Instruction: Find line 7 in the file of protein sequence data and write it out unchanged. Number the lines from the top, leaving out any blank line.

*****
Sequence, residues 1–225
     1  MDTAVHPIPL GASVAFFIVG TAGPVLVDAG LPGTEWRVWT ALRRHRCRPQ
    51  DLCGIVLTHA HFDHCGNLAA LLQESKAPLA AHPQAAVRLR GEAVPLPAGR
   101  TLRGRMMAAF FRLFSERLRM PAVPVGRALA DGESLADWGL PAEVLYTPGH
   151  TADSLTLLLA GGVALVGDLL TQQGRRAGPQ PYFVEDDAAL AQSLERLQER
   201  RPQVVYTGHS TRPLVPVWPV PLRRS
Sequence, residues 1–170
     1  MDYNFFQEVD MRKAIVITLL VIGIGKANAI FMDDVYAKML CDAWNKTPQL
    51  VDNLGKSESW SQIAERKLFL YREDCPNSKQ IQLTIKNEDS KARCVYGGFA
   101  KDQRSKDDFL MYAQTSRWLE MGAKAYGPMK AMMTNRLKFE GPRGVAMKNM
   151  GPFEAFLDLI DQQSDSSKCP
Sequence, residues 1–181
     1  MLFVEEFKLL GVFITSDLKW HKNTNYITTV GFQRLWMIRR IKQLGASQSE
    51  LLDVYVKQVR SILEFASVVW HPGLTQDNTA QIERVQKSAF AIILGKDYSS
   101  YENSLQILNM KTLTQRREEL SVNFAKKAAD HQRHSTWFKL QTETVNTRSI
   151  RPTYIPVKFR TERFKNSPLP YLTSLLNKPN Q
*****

Sequence, residues 1–170